‘There’s something about death that gets under your skin and destroys you from the inside. Nobody warns you about it before you go. Nobody explains what happens to you once you’ve seen death first hand, when you’ve stared it in the face. The way it kind of gets its claws into you. Becomes part of you.
I love reading Scandinavian Mysteries. The Silver Road attracted me on NetGalley by it’s beautiful cover and intriguing description. I am glad I’ve read this as it was so good.
Reading this book was like drinking, pure, cold water.
This is the story of Lelle and Meja. Lelle is a middle aged teacher, whose daughter have gone missing three years ago from a bus stop, in broad daylight. Everyone tells him off, the police, his now ex-wife. But he doesn’t give up searching for his lost daughter, Lina.
what remained with him was the loneliness, the fact that there was such loneliness everywhere. It corroded the region at the edges, spreading like a sickness among those who remained when all the others had moved away. And now he was one of them. One of the lonely people.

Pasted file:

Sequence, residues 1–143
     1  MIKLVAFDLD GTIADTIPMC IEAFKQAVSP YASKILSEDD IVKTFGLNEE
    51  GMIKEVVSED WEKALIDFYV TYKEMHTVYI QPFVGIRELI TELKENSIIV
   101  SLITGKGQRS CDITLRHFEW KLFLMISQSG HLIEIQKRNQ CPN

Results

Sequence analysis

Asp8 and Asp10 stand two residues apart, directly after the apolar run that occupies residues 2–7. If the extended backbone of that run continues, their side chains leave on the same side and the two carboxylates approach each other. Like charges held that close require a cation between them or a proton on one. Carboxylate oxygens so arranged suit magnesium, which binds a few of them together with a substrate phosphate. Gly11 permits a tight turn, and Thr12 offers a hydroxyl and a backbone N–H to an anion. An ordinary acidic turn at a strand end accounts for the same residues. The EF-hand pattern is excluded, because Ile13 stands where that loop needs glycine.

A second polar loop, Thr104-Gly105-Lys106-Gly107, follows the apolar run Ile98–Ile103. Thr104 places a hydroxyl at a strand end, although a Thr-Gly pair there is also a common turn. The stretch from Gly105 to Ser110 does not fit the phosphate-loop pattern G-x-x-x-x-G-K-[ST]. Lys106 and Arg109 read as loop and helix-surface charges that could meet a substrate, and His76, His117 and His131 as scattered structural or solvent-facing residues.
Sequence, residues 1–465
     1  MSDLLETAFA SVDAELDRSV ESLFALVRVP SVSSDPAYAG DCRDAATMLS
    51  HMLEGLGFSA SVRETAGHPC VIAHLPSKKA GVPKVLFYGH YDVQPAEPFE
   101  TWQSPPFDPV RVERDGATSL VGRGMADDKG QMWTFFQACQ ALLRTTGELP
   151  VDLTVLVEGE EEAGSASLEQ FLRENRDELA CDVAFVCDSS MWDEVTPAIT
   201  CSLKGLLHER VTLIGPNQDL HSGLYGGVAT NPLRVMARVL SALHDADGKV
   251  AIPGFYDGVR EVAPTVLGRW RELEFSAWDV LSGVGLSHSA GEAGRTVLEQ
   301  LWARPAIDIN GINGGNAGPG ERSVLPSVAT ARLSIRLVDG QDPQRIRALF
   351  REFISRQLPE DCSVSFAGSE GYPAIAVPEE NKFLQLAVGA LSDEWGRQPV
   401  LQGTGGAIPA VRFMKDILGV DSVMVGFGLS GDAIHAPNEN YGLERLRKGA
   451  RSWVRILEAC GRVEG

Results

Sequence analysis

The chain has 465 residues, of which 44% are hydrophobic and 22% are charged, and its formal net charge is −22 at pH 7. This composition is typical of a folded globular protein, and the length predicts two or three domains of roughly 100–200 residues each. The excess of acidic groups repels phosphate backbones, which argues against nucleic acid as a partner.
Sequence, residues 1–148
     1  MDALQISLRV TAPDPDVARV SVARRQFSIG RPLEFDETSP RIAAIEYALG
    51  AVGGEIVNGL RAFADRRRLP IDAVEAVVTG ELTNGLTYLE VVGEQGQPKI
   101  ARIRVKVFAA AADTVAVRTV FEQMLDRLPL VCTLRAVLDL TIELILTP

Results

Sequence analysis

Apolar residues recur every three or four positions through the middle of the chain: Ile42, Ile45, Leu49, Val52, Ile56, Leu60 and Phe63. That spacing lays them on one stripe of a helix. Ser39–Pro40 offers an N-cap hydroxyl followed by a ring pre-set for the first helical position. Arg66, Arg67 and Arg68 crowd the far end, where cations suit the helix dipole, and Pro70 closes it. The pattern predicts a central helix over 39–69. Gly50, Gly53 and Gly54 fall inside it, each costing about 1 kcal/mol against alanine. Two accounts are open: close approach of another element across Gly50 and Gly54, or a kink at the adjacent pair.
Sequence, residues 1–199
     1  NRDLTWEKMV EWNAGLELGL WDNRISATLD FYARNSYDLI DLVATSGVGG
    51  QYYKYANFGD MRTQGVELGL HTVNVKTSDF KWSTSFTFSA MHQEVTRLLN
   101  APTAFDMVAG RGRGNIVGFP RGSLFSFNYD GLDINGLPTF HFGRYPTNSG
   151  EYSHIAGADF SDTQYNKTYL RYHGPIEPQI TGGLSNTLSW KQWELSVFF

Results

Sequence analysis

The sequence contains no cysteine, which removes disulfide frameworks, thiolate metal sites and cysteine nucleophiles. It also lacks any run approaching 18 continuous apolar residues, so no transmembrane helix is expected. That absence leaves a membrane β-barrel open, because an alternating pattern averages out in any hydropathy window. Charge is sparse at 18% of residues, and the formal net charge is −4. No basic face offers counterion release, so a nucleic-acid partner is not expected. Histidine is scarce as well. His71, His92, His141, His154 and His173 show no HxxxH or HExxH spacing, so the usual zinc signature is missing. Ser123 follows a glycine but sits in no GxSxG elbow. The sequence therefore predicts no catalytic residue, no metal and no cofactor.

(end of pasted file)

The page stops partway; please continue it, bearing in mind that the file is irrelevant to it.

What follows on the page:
Meja and her mother Silje has a dysfunctional relationship, and they’re in a constant struggle to survive. From an early age Meja accepted her mother as a burden and a liability.
They had argued and cried and sat in long periods of silence as the forest thickened outside the window and the distance between stations became longer and longer.
Silje had sworn that this would be the last time they moved .
They move in with a man called Torbjorn- his house is extremely isolated- and very near where Lelle lives.
Torbjörn was a real man, according to Silje. A man who knew how to survive in extreme conditions and who could look after them.
For Meja, who always moved from city to city in South Sweden, North of Sweden is strange and foreign. The daylight doesn’t end, she cannot sleep, in the edge of the forest everything is so foreign and while she tries to fit in and understand this new environment, in parallel Lelle doesn’t give up his desperate search for Lina..
The story switched between their viewpoints, and I really enjoyed this story although I did see the end and the villain coming.
I don’t know if it was because I read this in the dead hours of the night, but I felt myself sitting next to Lelle in his car, desperately driving on Silver Road, I could even see the front lights hitting the tarmac!
A bravo to the translator is essential, Susan Beard has done an amazing job. Writing is so flawless, I haven’t even realised this was a translation until I checked! The sad, elegant writing was there from start to finish.
Highly recommended for lovers of Scandi Crime.